• Document the tags that you want to make available. Based on the above example, we need to add the following tags: {{GetLatestNewsItems}}, {{NewsItemsPresent}}, {{NewsPrint(content|title)}}, and {{NextNewsItem}}.
  • Remove the HelloWorld tag and add your custom replacement tag methods to the project—for example, the GetLatestNewsItems tag.
  • Right-click on the Project and select Add Web Reference.
  • In the dialog that is presented, type in the URL to retrieve the WSDL, probably http://localhost/NewsCenter/NewsCenter.dll?Handler=GenNewsCenterWSDL. After this, you should see the XML of the WSDL displayed in the left-hand corner of the screen. When it is displayed, click OK.
  • A new .h file is added to the project containing a SOAP client proxy class. This class contains methods that you can use within your code as if it were the actual remote method itself. When you call this method, it performs the SOAP processing for you behind the scenes, marshalling data and filling the appropriate data structures.
  • Add this generated .h file to stdafx.h, add the namespace defined in this file (you can find this by opening the .h file and looking for the namespace)—and then add an instance of the Web service proxy class where needed.
  • Add code inside of the GetLatestNewsItems method to open the proxy class and call the remote method on the Web service. For the purposes of this demonstration, this will only occur once per page load and will fill in an array that is maintained only for the duration of the page view. This also initializes an internal counter. Note that by doing this you can decrease the risk of Web designers inadvertently performing a denial of service (DoS) attack on your Web service, since your server is only contacted once per page view. Of course, this represents only one way of doing it. You have control of what happens behind the SRF tags, so it's wise to make sure that users can't use the SRF tags in a way that might cause performance degradation.
  • Add code inside of NextItem to move the index forward to the next item in the array of structs.
  • Add code inside of NewsPrint to take the parameter, and print either the "contents" URL or the "title" text that is in the struct. Sending the string out through the default m_HttpResponse stream accomplishes this.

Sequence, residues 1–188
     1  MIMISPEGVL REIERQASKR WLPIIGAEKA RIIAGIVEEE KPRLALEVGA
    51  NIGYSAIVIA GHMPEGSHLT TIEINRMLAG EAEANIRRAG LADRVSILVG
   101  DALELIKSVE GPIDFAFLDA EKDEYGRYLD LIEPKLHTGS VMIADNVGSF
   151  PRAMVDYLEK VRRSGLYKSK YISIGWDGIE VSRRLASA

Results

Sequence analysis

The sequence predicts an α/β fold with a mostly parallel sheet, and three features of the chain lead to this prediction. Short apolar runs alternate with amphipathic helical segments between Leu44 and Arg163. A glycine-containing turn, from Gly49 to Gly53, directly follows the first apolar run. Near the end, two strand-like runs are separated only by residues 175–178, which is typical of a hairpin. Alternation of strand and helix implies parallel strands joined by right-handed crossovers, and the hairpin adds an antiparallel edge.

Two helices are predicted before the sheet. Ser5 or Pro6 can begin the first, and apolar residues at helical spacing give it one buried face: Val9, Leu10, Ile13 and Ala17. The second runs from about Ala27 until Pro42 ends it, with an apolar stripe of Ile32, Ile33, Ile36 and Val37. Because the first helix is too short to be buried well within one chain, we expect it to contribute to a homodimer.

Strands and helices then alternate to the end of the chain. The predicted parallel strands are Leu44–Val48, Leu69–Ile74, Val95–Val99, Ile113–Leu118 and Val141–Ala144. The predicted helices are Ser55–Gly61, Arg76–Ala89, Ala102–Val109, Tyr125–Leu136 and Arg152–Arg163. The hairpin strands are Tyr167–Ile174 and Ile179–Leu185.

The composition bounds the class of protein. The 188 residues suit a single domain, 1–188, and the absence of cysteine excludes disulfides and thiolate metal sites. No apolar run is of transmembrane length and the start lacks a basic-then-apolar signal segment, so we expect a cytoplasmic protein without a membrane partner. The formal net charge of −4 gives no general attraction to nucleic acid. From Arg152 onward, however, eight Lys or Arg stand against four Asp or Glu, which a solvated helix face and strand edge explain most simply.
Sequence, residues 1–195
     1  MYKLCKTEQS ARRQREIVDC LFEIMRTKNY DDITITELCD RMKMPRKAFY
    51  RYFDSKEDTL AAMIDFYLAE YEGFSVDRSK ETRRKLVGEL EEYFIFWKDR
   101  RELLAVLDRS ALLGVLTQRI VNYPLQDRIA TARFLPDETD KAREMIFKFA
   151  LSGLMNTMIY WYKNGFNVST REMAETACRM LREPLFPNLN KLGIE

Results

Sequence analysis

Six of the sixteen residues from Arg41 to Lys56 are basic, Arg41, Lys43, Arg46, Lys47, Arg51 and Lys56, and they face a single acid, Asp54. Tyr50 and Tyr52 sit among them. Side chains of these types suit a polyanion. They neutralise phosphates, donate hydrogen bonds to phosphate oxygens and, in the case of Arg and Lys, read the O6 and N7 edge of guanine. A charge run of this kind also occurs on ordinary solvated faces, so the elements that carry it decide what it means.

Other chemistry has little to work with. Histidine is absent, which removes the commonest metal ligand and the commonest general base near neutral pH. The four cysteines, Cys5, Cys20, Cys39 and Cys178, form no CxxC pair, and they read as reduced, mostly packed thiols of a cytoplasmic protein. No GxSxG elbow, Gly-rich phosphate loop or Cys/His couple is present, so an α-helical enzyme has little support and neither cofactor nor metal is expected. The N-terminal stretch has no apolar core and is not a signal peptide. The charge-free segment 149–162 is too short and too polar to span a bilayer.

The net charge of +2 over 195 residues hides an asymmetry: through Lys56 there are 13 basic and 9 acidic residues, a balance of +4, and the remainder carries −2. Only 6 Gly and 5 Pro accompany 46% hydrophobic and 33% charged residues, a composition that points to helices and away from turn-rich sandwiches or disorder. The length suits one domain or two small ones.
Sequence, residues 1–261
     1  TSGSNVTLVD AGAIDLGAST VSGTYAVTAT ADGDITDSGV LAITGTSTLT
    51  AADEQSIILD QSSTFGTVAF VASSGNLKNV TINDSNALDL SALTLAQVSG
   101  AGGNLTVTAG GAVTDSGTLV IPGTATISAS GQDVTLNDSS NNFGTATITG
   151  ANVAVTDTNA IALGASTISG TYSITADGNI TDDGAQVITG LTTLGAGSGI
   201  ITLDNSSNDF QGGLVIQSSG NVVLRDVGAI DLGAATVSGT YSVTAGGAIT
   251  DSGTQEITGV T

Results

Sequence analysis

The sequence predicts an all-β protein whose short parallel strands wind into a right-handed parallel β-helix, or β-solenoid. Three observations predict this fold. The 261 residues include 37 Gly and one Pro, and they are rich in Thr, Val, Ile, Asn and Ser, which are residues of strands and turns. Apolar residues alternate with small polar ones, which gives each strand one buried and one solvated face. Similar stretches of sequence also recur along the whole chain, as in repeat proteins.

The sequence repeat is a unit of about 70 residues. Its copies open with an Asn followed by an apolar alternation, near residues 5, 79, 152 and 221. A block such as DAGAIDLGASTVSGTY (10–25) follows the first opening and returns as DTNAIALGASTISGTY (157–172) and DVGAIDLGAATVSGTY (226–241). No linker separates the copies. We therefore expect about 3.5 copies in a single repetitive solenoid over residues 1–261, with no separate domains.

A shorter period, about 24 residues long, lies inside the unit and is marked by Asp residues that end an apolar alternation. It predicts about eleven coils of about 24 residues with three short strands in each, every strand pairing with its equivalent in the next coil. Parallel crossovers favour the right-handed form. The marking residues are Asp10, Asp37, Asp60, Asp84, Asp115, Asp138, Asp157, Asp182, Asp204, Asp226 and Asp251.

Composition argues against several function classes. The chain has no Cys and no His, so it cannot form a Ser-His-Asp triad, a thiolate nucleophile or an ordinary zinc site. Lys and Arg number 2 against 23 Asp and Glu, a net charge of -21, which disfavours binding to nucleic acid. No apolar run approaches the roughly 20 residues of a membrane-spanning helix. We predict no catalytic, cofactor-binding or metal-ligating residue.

• Build the project. This will also deploy the relevant files to the IIS server at the location: http://localhost/NewsReader/NewsReader.srf.
  • You may want to create some test .srf pages to test the replacement tag methods you created. Note that debugging .SRF pages can often be tricky. If you get HTTP 500 errors, it is helpful to set a breakpoint at each tag method in the replacement handler and debug the application until you hit the breakpoint. If you don't hit a breakpoint, you may have misspelled a tag or included a tag that doesn't exist in the handler. In this case, another strategy is to minimize the number of tags you are calling from the SRF page and start adding tags until you see the HTTP 500 error again.

At this point, you should have a working .SRF page that calls your DLL, which calls the Web Service, and returns the appropriate data. You are successfully using SOAP in the middle tier for content delivery.

For your customers to use the news reader inside of their application, they need only to do the following:

  • Install that DLL on their Web server.
  • Associate the .SRF file extension in IIS Administrative console with the combo DLL.
  • Start writing SRF pages (you can provide your tests as a template).

Creating the NewsWriter DLL

So far, we have seen simple content delivery that uses SRF pages to output fresh data to the user. The circle is complete, however, when you can also accept input.

To accomplish this, we will create a new combo DLL. This NewsWriter DLL will be similar to the NewsReader DLL, but includes additional functionality for accepting user input. It will also have built-in SOAP client support for accessing the NewsCenter Web service.